Killing in the Name of God: Addressing Religiously Inspired Violence
Robin Gill explores religiously inspired violence drawing on research into public attitudes on the topic. (2018)
In part 5 of our Religion & violence blog series Ben Ryan reflects on whether sometimes, real change can only be brought about by violence. 30/07/18
This blog series has concerned itself with the question of whether religion is violent, and what can be done about religious violence. Perhaps the question we should have asked is not whether religion is violent but whether it ought to be?
Most Christian teaching today has come to emphasize non–violence as the only authentically Christian response to provocation, threat and injustice. Just the other day, for example, Steve Chalke, one of the UK’s more prominent Christian leaders tweeted:
‘While Jesus’ famous advice about non–violence is regularly dismissed as impractical idealism, no such charge is ever made against war, in spite of the fact that hostility & aggression solve nothing in the long run.’— Steve Chalke (@SteveChalke) 14 July 2018
Chalke Talk 37 podcast & video https://t.co/QrEuoZ2BZV
The ultimate weakness of violence is that it begets the very thing it seeks to destroy. Violence can never stop violence, simply because every ‘successful’ violent act deepens our faith in it & leads others to imitate it.— Steve Chalke (@SteveChalke) 15 July 2018
Chalke Talk 37 podcast & video https://t.co/BHLqiNLAl1
Chalke is probably right up to a point. But throughout the history of Christian theology the circumstances that would qualify a conflict as a “just war” have been debated at length, most famously by St Thomas Aquinas. Most branches of Christianity accept, at least in principle, the possibility that war can be justifiable under particular circumstances. Violence may not necessarily solve violence, but the principle that war can serve a just cause to avoid a greater evil is well established.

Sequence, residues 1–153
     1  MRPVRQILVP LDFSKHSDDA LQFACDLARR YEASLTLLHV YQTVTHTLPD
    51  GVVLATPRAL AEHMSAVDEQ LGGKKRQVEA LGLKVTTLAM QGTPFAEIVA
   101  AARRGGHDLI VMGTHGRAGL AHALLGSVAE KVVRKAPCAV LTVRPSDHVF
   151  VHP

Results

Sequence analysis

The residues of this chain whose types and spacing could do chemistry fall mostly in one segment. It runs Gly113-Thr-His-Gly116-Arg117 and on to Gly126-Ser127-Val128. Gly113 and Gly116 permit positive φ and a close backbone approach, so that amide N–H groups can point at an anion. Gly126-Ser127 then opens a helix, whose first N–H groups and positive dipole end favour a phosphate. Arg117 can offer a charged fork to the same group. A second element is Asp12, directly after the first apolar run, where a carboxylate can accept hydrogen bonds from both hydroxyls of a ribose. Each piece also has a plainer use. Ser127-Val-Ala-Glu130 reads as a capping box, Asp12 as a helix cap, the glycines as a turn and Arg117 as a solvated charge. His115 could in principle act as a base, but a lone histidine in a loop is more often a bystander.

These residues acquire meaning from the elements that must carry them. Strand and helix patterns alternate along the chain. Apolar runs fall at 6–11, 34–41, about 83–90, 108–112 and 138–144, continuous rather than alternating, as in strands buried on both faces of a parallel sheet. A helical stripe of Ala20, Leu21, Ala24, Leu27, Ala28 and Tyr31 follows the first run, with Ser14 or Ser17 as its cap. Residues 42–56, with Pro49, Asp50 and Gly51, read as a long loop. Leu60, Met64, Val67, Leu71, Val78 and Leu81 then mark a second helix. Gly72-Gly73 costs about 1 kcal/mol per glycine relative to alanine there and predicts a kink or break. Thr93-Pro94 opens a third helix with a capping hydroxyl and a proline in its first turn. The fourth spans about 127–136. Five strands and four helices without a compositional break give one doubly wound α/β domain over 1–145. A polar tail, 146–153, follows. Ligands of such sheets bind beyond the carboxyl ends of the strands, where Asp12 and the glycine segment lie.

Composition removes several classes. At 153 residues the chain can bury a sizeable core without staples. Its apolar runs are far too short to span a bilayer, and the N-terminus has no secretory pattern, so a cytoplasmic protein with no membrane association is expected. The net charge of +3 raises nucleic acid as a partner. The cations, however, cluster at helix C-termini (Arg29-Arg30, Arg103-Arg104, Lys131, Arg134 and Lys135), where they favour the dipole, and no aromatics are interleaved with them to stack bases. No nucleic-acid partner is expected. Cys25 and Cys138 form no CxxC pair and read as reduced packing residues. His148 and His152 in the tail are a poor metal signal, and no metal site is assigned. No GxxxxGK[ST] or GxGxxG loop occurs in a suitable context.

The more interesting question, so far as I can see, is not whether war can be permitted, but whether the principle that violence can legitimately serve a just cause could not be more broadly applied.
Last year, for example, the Austrian economic historian Walter Scheidel wrote The Great Leveller in which he argued that throughout history (and his scope and data are wide) economic inequality has only ever been reduced by one of the “four horsemen”; war, revolution, state collapse and natural disaster/pandemic. The normal course of human society is that those who have wealth accumulate more and squeeze those that do not. Only one of the four horsemen breaks the cycle; radical change to social structures comes through violent upheaval.
Comfortably ensconced in the West this may seem an unhealthy and dangerous proposition. Democratic structures and checks and balances have been established for the express purpose of managing social and political change (a change of government, or redistribution of wealth, for example) without the use of violence. This may be complacent, given that as Scheidel has shown no such peaceful democratic measure has seemed able to check mounting inequality, and the checks and balances (courts for example) are coming under a sustained attack in many parts of the developed world (Hungary and Poland come to mind, but others are on a worrying trajectory too).